Over the past three years, both the house and grounds at Hillsborough have benefitted from considerable, and ongoing, attention. The gardens run to almost 100 acres and originally incorporated the main road to nearby Moira which ran in front of the Ionic portico and followed the line of the Yew Walk. However here as elsewhere the desire for privacy led the family to enclose this part of their land and lay it out for their own pleasure with the development of water features, ornamental bridges, the Doric Lady Alice’s Temple and a rusticated ice house.
When the scheme of improvements was initiated at Hillsborough in 2014, landscape designer Catherine FitzGerald, eldest daughter of the late Knight of Glin, was appointed to oversee a revitalisation of the gardens. Collaborating with her regular business partner, landscape architect Mark Lutyens, she drew up a master-plan which is being gradually implemented. So far the most notable feature introduced has been the re-working of the terrace outside the drawing room: here a harsh gravel surface has been replaced with reclaimed stone intermingled with diverse planting. Immediately beyond, the Jubilee Parterre has similarly been softened, while thousands of bulbs were planted on either side of the Yew Walk. This is very much a project in progress with much more yet to be done, as is also the case inside the house where extensive refurbishment is likewise underway. The intention is that in the years ahead, Hillsborough will receive in the region of 200,000 visitors, thereby generating revenue that can in turn be used for further developments: an excellent enterprise that merits being emulated elsewhere in Ireland.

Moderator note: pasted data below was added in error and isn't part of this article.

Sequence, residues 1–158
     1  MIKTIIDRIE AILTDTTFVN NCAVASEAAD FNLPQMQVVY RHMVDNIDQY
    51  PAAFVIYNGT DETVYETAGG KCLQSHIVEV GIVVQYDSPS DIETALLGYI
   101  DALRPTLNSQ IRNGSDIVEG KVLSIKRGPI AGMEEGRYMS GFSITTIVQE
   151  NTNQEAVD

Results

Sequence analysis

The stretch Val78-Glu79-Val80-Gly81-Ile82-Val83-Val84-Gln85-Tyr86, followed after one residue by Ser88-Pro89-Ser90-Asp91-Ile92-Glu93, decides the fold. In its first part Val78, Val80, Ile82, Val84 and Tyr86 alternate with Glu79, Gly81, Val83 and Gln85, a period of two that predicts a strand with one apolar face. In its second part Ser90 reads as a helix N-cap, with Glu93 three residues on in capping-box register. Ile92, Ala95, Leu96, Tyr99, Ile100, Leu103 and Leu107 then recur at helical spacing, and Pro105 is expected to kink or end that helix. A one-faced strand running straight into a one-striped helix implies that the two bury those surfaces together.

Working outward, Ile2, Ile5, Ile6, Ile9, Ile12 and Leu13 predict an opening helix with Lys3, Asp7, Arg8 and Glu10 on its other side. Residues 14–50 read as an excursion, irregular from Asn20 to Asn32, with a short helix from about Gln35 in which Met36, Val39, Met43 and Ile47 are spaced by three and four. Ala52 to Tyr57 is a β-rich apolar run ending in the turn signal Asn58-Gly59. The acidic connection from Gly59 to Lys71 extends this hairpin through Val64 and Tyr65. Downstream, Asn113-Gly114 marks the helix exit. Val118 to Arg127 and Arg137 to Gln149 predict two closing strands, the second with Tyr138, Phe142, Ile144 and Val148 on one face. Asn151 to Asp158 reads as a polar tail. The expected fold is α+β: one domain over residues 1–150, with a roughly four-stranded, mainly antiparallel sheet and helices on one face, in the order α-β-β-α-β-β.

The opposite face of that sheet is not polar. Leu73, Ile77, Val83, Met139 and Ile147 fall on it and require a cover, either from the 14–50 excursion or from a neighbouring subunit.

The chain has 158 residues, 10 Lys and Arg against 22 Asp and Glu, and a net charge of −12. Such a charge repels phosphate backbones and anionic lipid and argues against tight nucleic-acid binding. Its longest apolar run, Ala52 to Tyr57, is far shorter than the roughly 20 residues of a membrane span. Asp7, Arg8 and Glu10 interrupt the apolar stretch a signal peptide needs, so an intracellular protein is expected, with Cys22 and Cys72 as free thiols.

The ubiquity of older buildings in Irish towns and villages suffering from insufficient maintenance. Here two fine houses, both probably early 19th century, in Greyabbey, County Down. Above is 88-90 Main Street, below 2 Church Street, the latter closing the long vista down Main Street and therefore sited at a critical point in the village. Both excellent properties that once held commercial premises, both now looking as though facing an uncertain future.
In June 1743 Mary Pendarves (née Granville) married as her second husband the Anglican clergyman Dr Patrick Delany who a year later was made Dean of Down. As a result, although the couple’s main residence was at Delville on the outskirts of Dublin, they often spent time in the Dean’s diocese there occupying a house not far from Downpatrick with the distinctive name of Mount Panther. Much embellished after its acquisition by the future first Earl Annesley in 1770, for two centuries Mount Panther was judged one of the finest properties in County Down with especially fine plasterwork in the ballroom and drawing rooms. It survived until the 1960s but is now a ruin. However, a few souvenirs of Mount Panther have been incorporated into a house in neighbouring County Antrim including these curved doorcases and doors which were a feature of the staircase hall. Also rescued from Mount Panther were the neo-classical plasterwork wall decorations which incorporate a variety of motifs including the head of a big cat, although it looks more like that of a lion than a panther.
In the grounds of Down Cathedral on the Hill of Down is this slab of Mourne granite believed to mark the spot where St Patrick was brought for burial following his death on this day in either 461AD or perhaps in 493; there appears to be no universal agreement on the year. The Irish Aesthete wishes all friends and followers a happy St Patrick’s Day.